Here's some context worth considering.

"Conducted online earlier this year, the poll quizzed 1,970 U.S. adults on their comfort level with seven theoretical situations: Learning a family member is LGBTQ, learning their doctor is LGBTQ, having LGBTQ members at their place of worship, seeing a LGBTQ co-worker's wedding picture, having their child placed in a class with a LGBTQ teacher, seeing a same-sex couple holding hands, and learning their child was learning LGBTQ history in school...he number of young Americans who were comfortable across all seven situations dropped from 53 percent in 2018 to 45 percent this year, the second consecutive dip for the age bracket...Some 43 percent of young males said they'd be uncomfortable learning a family member is LGBTQ (up from 32% in 2018). But, GLAAD reports, the more significant erosion is being driven by women 18-34, whose overall comfort levels fell from 64 percent last year to just 52 percent in 2019.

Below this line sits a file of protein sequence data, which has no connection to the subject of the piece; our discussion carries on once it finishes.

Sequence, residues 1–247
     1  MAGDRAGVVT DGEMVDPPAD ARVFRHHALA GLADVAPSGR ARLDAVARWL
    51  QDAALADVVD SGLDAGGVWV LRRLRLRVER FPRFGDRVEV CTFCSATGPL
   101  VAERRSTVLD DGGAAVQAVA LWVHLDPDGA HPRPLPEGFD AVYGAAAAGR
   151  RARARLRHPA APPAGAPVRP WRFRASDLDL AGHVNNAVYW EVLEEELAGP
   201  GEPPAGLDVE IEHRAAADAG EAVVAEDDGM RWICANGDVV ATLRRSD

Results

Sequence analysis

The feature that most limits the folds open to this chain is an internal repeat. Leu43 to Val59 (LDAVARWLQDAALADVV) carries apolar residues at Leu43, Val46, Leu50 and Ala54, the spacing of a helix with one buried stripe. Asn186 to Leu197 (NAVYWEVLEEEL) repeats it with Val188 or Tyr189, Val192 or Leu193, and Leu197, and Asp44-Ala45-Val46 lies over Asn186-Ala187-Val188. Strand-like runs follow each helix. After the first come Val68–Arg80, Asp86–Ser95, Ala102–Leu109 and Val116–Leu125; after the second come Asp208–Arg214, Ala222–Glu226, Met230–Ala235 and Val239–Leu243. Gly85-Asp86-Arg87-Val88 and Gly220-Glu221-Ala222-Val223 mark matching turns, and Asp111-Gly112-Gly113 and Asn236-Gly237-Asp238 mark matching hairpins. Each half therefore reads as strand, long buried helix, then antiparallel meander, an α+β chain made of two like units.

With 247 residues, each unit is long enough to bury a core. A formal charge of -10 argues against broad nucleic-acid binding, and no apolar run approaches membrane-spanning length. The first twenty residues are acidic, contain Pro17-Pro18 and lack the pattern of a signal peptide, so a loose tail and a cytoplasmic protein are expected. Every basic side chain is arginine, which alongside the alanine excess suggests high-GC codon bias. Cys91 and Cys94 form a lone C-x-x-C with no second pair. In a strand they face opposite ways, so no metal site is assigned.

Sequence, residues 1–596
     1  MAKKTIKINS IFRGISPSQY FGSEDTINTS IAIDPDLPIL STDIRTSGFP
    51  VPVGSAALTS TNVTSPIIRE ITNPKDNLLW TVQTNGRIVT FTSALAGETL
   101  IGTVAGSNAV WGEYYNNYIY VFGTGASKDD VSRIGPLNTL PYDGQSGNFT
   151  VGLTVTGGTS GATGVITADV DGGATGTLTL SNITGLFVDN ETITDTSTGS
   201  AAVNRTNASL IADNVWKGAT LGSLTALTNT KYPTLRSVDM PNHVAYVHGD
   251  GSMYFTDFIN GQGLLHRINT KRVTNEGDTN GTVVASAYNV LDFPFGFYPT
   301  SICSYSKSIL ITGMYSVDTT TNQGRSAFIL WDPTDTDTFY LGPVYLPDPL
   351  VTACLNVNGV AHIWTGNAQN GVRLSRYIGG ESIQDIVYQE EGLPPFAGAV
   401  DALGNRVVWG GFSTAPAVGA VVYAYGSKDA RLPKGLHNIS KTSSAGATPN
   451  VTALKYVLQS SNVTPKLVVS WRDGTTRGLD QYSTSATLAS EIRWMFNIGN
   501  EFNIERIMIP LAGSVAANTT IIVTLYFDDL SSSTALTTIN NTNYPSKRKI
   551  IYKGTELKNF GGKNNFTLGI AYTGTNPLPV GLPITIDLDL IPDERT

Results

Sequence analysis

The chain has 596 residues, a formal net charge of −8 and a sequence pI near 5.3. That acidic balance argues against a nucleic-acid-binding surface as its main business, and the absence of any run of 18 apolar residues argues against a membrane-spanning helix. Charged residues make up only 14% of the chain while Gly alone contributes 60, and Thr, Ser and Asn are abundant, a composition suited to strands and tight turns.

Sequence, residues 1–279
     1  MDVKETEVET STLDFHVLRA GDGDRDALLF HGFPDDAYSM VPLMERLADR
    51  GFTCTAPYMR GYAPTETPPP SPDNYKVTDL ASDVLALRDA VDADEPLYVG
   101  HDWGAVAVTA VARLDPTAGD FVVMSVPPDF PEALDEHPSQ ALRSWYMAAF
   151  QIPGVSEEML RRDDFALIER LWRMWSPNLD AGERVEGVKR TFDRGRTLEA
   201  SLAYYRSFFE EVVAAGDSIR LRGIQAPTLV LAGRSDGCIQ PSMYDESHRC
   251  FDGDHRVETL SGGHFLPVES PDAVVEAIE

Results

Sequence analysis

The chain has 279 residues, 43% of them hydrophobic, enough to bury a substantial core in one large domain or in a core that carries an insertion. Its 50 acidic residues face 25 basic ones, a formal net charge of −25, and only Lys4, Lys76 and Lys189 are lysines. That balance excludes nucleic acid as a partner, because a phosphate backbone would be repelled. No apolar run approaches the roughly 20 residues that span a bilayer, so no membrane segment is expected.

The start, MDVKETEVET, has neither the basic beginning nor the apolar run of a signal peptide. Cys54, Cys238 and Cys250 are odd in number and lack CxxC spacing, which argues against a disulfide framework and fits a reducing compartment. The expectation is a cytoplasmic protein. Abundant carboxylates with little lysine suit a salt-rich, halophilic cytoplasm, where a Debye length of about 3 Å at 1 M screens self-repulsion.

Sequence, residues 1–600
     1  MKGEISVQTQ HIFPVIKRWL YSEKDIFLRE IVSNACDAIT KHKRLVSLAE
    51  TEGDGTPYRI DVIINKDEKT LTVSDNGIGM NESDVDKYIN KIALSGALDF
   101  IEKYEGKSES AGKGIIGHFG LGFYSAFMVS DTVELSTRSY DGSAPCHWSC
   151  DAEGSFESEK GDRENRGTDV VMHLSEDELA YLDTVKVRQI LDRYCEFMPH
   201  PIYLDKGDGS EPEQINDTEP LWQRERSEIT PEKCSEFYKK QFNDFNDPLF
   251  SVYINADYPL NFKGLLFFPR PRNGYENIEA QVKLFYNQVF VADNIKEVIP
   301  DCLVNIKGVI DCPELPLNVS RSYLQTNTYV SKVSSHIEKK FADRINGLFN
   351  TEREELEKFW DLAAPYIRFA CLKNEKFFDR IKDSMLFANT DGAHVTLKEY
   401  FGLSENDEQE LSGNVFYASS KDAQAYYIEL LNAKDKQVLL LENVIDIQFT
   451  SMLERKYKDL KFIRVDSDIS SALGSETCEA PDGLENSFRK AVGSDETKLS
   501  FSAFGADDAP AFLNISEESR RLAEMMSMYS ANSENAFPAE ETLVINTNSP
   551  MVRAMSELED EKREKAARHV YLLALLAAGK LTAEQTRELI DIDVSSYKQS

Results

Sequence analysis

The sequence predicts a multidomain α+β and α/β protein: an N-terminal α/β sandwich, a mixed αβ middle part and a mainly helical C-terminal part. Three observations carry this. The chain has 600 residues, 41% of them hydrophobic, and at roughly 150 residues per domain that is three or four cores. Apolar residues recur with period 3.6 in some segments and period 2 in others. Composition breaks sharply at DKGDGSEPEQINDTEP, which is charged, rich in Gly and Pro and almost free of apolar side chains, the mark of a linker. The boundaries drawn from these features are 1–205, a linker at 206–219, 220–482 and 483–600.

It's not entirely clear what's fueling the downturn, but Sarah Ellis, CEO of GLAAD, believes, "the sharp and quick rise in divisive rhetoric in politics and culture" is poisoning younger minds. President Trump has routinely targeted LGBTQ Americans since taking office...Still, overall support for equality remains high: Eight out of ten Americans believe in equality for LGBTQ Americans, a rate that's held steady since 2016. The Equality Act, which would add sexual orientation and gender identity to federal civil-rights legislation, passed the House last month. It now faces a tough battle in the GOP-controlled Senate. https://www.newsweek.com/young-people-comfortable-lgbt-poll-1445435

Kent, of course, would never publicly take note of this last finding.

Michael Edwards

People do not chose their sexuality. We are are who we are when we are born. If that's not understood then there's nothing else to discuss on this topic from me.

Richard Wright

Is this a scientific fact -- or an opinion? There are but two sexes.

Julia Latham

Thank you, Jo, for sharing this. I'm privileged to know you. Incredibly well said.

Kent Misegades